“Watson, you see, but you do not observe.”
The character of Sherlock Holmes was originated by Sir Arthur Conan Doyle. Sherlock Holmes and his style of thinking was born of Doyle’s admiration for his surgeon mentor Dr Joseph Bell during his medical training days. The thinking is a combination of intentional skepticism, probabilistic thinking, and mindful observation.
Maria Konnikova, in her book Mastermind: How to Think Like Sherlock Holmes, describes System Watson and System Holmes as the following: while the Watson brain is characterized by emotions, biases and fallacies, and is subjective, the Sherlock brain is more logical, objective, but cognitively costly.
The following are perhaps the most useful of his concepts of thinking that are very valuable in clinical medicine and healthcare:
Focus on oneself and the environment for a mindful and attentive thinking process is the hallmark of Sherlock Holmes’ techniques. This intellectual capability can be learned but does require practice and persistence. Pause and reflect, as well as distancing, are keys to start this process. An attentive mind that is not multitasking, therefore, is key for keen observations.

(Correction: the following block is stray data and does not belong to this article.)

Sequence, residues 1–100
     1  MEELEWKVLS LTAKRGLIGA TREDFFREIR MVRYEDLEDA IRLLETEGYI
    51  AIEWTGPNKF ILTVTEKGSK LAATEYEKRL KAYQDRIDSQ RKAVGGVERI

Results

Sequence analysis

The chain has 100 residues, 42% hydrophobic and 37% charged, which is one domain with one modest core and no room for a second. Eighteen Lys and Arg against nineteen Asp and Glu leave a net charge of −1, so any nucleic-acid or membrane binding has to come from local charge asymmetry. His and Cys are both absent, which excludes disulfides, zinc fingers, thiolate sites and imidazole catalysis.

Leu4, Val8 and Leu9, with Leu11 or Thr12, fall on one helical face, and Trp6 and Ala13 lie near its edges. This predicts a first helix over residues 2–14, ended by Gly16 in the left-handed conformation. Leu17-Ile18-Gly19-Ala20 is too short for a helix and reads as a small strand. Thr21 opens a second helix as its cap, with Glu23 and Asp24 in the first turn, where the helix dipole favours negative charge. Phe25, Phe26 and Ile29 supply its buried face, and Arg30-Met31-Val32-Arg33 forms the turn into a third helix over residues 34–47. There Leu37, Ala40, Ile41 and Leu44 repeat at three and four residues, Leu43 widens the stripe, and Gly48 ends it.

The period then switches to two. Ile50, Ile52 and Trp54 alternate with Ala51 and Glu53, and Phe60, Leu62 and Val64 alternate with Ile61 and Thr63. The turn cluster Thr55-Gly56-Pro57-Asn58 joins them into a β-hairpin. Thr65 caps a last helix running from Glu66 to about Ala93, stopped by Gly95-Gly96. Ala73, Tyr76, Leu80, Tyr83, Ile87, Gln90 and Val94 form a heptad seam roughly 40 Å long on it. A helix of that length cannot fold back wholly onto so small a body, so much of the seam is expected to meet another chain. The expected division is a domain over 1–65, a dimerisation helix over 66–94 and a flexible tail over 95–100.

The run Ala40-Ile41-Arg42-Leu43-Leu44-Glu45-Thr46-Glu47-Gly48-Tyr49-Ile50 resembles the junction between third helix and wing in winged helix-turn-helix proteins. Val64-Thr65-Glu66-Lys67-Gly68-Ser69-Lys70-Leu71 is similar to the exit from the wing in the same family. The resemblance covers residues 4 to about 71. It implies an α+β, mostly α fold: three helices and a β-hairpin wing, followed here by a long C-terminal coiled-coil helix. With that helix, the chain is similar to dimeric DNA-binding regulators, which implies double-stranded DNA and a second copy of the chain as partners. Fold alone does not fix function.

Sherlock Holmes works diligently to not fall into the traps of biases and heuristics. One of the most common biases is confirmation bias while one of the most common heuristics is the availability heuristic. One of the underpinnings of this mindset is to have continual skepticism of one’s observations.
Sherlock Holmes believes in stimulating his brain (the so-called “brain attic”) so that he can be knowledgeable in many fields. Konnikova describes this learning of the brain as stocking, exploring, navigating, and maintaining this brain attic so that it becomes a dynamic one. The challenge, of course, is to do this in the era of Google and Wikipedia.
Perhaps one of the most debated topics on Sherlock Holmes’ thinking is just what type of thinking he uses. Most have written that he uses deductive reasoning, while others opine that it is inductive reasoning. Very few, however, will state that the type of reasoning Sherlock Holmes in fact uses quite often is abductive reasoning, or simply a best guess from an observation or a set of observations.